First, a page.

Past a forest on the right, farmer’s fields hidden under heavy snow on the left, over a small rise, and at the end of the road sits Crawford Lake. It’s the site of a reconstructed Iroquoian village, a meromictic lake — the different water levels don’t mix —, and has kilometers of trails perfect for hiking, cross-country skiing, and snowshoeing. The park offers special events throughout the year and now is the time to enjoy the Sweet Water Season along with great snowshoeing conditions thanks to heavier than usual snowfall.
As a local, I’ve been to Crawford Lake many times during every season, but have never taken advantage of the snowshoeing offered. I brought my family — none of us had any experience — we strapped on the snowshoes available for rent in the Visitor Centre, and headed out on the trails. While guided snowshoeing is finished for the season, the ideal winter conditions means that people can still rent, or bring their own gear, and explore the trails around Crawford Lake. Every trail is clearly marked and there are free maps available at the entrance of the park.
I can guarantee that if you can walk you can snowshoe. My children were running within minutes and heading off the groomed trails to test our skills in the deeper snow was easy.
After snowshoeing for over one hour we headed to the lake by way of the maple taffy tasting. It really is nature’s candy and I’m embarrassed to admit I’d never had any. This was a day of firsts. We (impatiently) waited as the maple syrup was boiled and then poured over snow before being rolled onto a popsicle stick. One was definitely not enough, but maple syrup is healthy so it’s all good.
The lake is small enough that a boardwalk surrounds it entirely. It is home to a variety of fish, birds, and turtles that are dormant until the ice thaws, but the walk is pleasant and takes the visitor through an old forest and past Niagara Escarpment rock formations. Anyone interested in photography will appreciate the points of view built into the walkway.
We headed back to the village in time to learn about different syrups the local Iroquoian people used for hundreds of years, and perhaps further back. On tap was birch syrup — which has a distinctive flavour and resembles molasses — and two different types of maple syrup: medium and amber. Taste them and decide for yourself which one you prefer. Later on there was a sweet water demonstration and, despite it being early in the season, a crowd gathered to learn how maple trees were tapped, the water boiled, and then consumed before modern technology facilitated the task. I’ll give you a hint: hot rocks. If you want to know more you’ll have to go and see for yourself.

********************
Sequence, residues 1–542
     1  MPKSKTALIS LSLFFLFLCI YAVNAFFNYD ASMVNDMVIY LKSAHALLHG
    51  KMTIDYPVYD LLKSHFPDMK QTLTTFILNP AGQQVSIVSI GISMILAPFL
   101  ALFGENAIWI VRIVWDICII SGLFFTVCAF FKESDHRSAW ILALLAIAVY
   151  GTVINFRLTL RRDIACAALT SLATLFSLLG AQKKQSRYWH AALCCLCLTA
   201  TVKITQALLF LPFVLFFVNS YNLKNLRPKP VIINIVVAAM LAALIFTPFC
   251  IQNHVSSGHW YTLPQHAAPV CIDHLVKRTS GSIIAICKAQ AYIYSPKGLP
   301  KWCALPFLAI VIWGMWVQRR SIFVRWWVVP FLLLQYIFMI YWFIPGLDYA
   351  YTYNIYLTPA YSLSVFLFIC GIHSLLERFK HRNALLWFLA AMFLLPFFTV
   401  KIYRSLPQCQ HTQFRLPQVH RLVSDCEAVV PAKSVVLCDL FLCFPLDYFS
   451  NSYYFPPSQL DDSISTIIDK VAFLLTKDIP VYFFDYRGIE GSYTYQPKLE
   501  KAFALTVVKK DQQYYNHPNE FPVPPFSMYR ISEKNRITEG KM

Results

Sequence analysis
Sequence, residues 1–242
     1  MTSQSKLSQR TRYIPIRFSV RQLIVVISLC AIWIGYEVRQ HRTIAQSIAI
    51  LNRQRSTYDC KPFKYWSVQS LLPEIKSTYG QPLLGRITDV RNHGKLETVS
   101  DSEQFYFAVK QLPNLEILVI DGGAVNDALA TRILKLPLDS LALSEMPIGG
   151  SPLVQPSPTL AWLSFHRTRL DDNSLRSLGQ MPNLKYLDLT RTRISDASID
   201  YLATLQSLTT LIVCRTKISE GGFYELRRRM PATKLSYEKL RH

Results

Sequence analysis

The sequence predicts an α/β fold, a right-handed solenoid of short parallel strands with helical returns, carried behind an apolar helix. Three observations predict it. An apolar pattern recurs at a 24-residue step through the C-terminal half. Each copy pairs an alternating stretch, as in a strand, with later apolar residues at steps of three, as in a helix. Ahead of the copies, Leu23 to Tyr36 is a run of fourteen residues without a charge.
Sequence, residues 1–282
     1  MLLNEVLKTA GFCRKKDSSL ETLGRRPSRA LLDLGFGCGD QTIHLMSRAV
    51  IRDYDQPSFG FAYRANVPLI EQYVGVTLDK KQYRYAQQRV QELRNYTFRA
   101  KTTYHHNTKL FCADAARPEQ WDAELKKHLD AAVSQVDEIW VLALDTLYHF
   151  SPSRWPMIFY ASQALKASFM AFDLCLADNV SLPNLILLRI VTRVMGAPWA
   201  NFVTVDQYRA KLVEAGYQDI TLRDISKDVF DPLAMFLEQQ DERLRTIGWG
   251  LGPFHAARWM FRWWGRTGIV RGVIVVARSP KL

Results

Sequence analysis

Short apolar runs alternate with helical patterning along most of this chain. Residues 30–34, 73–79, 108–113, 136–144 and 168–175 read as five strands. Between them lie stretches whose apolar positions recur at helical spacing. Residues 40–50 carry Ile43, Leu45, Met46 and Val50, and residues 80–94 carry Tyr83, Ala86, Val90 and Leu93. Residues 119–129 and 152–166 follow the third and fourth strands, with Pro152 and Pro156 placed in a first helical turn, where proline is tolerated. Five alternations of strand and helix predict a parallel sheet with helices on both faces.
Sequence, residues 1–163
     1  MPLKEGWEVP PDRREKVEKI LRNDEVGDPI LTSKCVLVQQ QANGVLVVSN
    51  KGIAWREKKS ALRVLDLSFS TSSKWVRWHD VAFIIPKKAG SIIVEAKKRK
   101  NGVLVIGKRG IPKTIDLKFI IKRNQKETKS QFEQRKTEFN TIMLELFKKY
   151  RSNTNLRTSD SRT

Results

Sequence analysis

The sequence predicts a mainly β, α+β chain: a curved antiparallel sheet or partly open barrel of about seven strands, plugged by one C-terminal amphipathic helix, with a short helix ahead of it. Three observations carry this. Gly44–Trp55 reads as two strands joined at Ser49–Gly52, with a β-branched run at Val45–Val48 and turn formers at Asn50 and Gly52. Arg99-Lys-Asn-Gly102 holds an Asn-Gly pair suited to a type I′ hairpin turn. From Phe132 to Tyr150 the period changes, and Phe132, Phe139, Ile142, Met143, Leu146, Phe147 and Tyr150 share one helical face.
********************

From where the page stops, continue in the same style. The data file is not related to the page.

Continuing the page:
The village at Crawford Lake is one of my favourite places to bring visitors who come to our area. Since the site was originally excavated in the early 1970s, the longhouses and Iroquoian village have been carefully reconstructed respecting tradition and knowledge of village life. There are currently two longhouses open for visitors and a new one is almost complete. The grand opening celebration will be held later in 2014.
Several kilometers away is the Mountsberg Conservation Area. There’s an informative Raptor Centre where animals are rehabilitated, a bison herd, and over 400 sugar maples. Mountsberg also has kilometers of trails and is a birdwatcher’s paradise in the spring, summer, and fall. During maple sugar season Maple Town opens and families can tour the forest on horse-drawn wagons, learn how maple water is collected, and taste the local syrup for themselves at the Pancake Pavilion. This is the syrup that in turn is used at Crawford Lake, so when planning a visit include both parks. March Break is ideal for discovering Crawford and Mountsberg.
Crawford Lake is just one of several parks under the umbrella of Conservation Halton waiting to be explored in the Heart of Ontario. During the late winter the parks work together to provide visitors a memorable outdoor adventure while enjoying the quintessential Canadian treat – maple syrup. It might be our backyard, but it’s one we never tire of exploring.